Without question the most impressive ride in the whole park turned out to be the Monkey Falls log flume. Many parks around the world have drab and uninteresting flume rides, often with a lift at the start, a meandering course, and a medium to large drop at one end. Monkey Falls has the meandering course, but it also has some surprises; one of the smaller drops may have been borrowed from a coaster, and the final drop could have been recycled from a giant splash, as riders end up very wet indeed.
The third and final coaster in the park was the Diamond Devil Run (#396), a Vekoma-built mine train. This is the same model ride as that at Walibi Belgium, though the track colour and the theming is different. With a total ride time of three minutes, it is by far the longest coaster in the park, although to be fair about half that time is spent on the two lift hills. Only one train was in use due to the numbers in the park, but even still the ride was a walk-on, once you had covered the five minute walk that was the queue line.
This brings me to another point: Ratanga Junction was clearly designed for large crowds. All of the major rides had a very large queueing area. Unlike many other parks, these were not just so-called "cattle-pens"; rather, the paths wound in and around the attractions, helping to build excitement for those waiting, and providing excellent photo angles. With such design effort going into the park, one has to ask the question; how did they get it so wrong? Why should such a park, just seven years old, be closing to make way for a shopping centre?
Like the log flume, the Crocodile Gorge rapids ride was one of the most impressive examples of the genre I have ever seen. There are a number of places on the ride where spectators can see the pumping equipment in operation, with cameras ready to catch the splashes of water as they land right in the boats. There are other effects too, including one where the last remaining dry passengers get completely soaked as the boats pass directly under a waterfall.
In the planning of this trip, both of us had failed to anticipate how good the weather would be, and neither of us had brought sun block with us. We enquired at one of the shops, and were told that nowhere in the park sold anything suitable, which was quite surprising given an evident sponsorship deal with a vendor of skin care products!
Rather than risk making our sun burn any worse than it was already, we decided to call it a day, though not before grabbing one more ride on both Diamond Devil Run and Bushwhacker. Even though we will probably never have another chance to ride it, both of us decided that it wasn't worth riding Cobra again.
Though we got lost on the way back to Cape Town Airport, we still arrived four hours early for our flight. The airport terminal was absolutely jam packed with people. We already had boarding cards for our flight, courtesy of the staff at Heathrow, so rather than try to switch to an earlier one we just went to get food instead. It is often interesting to look at the various airlines in foreign airports, as there are usually liveries you don't see at home. In Cape Town, there were a number of aircraft parked below the restaurant window with a positively hideous colour scheme that turned out to be for the local low-fare airline, Kulula. Their prices between Cape Town and Johannesburg put South African Airways to shame, and should definitely be considered by anyone planning to travel around South Africa. Just a word of warning; the text on their web site seems to have been written by someone under the influence of a similar substance to that taken by the designer of their aircraft colour scheme.
Our flight took off late. We had a very interesting conversation on board with a software engineer from Johannesburg, who couldn't quite believe what we were doing but thought it very amusing nonetheless. We exchanged our own rants about prices for broadband internet access, which if anything seem to be even more outrageous in South Africa relative to home. A cursory glance at the web site he pointed us to (www.myadsl.co.za, since decommissioned) indicates that broadband problems are the same everywhere in the world!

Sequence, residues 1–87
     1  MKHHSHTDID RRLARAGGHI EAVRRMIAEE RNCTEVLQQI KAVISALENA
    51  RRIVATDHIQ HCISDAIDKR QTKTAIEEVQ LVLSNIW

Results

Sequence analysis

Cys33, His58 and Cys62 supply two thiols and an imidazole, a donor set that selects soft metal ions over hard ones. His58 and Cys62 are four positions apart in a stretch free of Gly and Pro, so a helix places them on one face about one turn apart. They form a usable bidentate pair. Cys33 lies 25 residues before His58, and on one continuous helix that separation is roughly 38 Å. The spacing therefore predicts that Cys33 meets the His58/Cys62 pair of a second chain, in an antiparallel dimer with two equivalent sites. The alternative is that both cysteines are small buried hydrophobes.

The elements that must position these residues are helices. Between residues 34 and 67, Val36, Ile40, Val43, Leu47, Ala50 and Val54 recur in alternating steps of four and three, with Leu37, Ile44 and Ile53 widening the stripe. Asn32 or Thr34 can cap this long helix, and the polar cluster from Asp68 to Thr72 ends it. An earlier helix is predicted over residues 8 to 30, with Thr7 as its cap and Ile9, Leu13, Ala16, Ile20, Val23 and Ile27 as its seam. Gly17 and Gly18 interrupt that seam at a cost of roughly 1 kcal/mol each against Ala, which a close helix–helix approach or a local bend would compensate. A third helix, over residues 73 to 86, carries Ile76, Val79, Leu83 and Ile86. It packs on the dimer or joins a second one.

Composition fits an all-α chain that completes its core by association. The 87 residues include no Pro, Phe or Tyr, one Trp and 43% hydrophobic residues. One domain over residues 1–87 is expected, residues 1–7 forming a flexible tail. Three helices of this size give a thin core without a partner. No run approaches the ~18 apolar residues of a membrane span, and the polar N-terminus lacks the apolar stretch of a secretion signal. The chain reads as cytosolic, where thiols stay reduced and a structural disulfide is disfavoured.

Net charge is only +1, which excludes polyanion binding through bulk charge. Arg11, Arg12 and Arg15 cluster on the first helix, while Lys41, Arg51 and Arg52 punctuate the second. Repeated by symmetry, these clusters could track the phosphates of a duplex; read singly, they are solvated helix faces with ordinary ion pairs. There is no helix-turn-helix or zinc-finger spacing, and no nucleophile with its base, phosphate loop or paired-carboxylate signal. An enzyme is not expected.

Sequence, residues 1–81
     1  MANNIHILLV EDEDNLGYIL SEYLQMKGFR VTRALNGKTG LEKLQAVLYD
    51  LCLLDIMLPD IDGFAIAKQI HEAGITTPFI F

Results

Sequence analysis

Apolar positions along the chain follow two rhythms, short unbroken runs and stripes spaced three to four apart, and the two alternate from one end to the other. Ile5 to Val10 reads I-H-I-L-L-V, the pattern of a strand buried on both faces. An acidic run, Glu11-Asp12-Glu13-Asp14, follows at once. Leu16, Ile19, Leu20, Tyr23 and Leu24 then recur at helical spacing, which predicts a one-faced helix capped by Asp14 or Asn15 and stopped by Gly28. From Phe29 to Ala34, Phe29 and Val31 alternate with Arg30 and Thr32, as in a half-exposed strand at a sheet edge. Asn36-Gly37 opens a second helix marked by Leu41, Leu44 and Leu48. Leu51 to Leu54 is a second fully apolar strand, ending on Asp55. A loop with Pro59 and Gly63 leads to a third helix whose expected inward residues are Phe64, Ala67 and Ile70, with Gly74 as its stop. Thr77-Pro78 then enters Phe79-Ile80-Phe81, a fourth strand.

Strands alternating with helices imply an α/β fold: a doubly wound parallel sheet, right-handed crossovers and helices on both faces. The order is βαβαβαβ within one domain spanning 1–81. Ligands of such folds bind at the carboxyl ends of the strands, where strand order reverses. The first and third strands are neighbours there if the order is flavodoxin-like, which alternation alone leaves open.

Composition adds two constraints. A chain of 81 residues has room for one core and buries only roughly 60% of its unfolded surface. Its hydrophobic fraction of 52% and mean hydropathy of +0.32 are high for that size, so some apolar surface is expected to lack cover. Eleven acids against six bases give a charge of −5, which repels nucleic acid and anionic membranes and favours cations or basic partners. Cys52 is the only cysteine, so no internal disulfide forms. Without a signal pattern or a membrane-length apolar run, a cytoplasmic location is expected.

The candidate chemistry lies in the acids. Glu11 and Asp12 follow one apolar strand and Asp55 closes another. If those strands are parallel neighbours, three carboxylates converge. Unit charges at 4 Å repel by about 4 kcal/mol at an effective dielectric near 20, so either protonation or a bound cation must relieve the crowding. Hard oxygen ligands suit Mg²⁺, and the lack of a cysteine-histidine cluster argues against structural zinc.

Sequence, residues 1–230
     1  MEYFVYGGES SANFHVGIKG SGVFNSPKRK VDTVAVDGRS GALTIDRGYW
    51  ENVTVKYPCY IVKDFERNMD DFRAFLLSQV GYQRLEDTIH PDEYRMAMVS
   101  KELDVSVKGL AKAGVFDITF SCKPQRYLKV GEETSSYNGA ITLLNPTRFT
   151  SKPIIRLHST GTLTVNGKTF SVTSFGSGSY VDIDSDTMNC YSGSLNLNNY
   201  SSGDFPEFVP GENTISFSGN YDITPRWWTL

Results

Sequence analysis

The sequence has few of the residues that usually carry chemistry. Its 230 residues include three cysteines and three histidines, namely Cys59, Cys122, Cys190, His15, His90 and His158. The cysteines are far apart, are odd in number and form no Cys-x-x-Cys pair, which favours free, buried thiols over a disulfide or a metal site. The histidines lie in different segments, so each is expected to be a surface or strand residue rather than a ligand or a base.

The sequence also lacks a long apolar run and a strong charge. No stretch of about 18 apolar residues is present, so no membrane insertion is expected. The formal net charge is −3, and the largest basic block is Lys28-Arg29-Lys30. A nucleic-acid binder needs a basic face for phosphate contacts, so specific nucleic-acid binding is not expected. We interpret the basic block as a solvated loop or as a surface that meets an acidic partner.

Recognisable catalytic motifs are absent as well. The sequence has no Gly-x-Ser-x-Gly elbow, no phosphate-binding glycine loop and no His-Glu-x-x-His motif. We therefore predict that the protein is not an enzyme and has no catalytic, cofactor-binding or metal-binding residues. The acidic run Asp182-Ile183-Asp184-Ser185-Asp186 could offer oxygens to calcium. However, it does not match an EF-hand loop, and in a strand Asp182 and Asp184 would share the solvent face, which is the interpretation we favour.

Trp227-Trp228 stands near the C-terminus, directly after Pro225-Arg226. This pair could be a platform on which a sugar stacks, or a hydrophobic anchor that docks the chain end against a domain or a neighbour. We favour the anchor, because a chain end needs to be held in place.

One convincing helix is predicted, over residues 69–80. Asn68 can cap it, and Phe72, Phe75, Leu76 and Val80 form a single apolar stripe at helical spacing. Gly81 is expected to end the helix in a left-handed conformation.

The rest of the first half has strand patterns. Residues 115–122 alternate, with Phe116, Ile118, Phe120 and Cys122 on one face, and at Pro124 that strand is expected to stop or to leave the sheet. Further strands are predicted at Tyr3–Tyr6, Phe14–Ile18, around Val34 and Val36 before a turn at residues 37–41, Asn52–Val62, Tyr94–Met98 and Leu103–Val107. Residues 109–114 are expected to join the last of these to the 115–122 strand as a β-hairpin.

When we landed, we made our way directly to the car rental office, and although we were the only people there, it still took nearly an hour to get a vehicle. This turned out to be the same model as the one we'd driven in the morning, albeit with a much better clutch pedal.
Consider for a moment the state we were in as we drove away from the airport. Both of us had left home for the office some thirty six hours previously, and had a few hours at most of broken sleep on an aircraft some sixteen hours previously. The most sensible thing to do in this situation would of course have been to go directly to our hotel.
However, there were two places we wanted to visit in Johannesburg; the Caesars casino resort, which is home to Chariots Entertainment World, and Gold Reef City. Between both locations were a total of five roller coasters, and the last of these would, with luck, be my 400th. Gold Reef City was home to two worthy candidates for this landmark; Chariots was home to just one small indoor ride. Gold Reef City was about twenty miles from the airport, but Chariots was no more than a five minute drive. For these reasons, we decided to make a brief stop at Chariots to get that credit out of the way, with a longer stop on the way back to the airport on Sunday afternoon.
Chariots Entertainment World
8th April 2005
Neither of us had ever ridden a new coaster for the first time at 12:15am, but the imaginatively named Roller Coaster (#397) woke us right up again. Much to my surprise, the twenty rand per ride Vekoma-built coaster turned out to be absolutely superb, and easily the best coaster of the day. An abundance of airtime is tied in with a number of near misses both with building walls and assorted arcade machines on the floor below the ride. My only criticism is nothing to do with the ride itself; it is simply impossible to photograph well! It has taken a long time for Vekoma to figure out how to build smooth rides, but those using the new Schwarzkopf-like track design, as seen on Okidoki at Bobbejaanland, approach the quality of B&M. Casino operators in Las Vegas could learn a lot from their South African cousins, as Roller Coaster is definitely better than all the mediocre rides in the desert.
Due to the time, we didn't stay for more than one circuit. The drive to Gold Reef City was uneventful, with us arriving just after 1:00am. Unusually, the hotel for Gold Reef City is actually inside the park itself. Half a dozen security officers were at the gate, and checked our names off a list before admitting us. Check-in went smoothly, and on arrival in the room It took me less than ten minutes to fall asleep.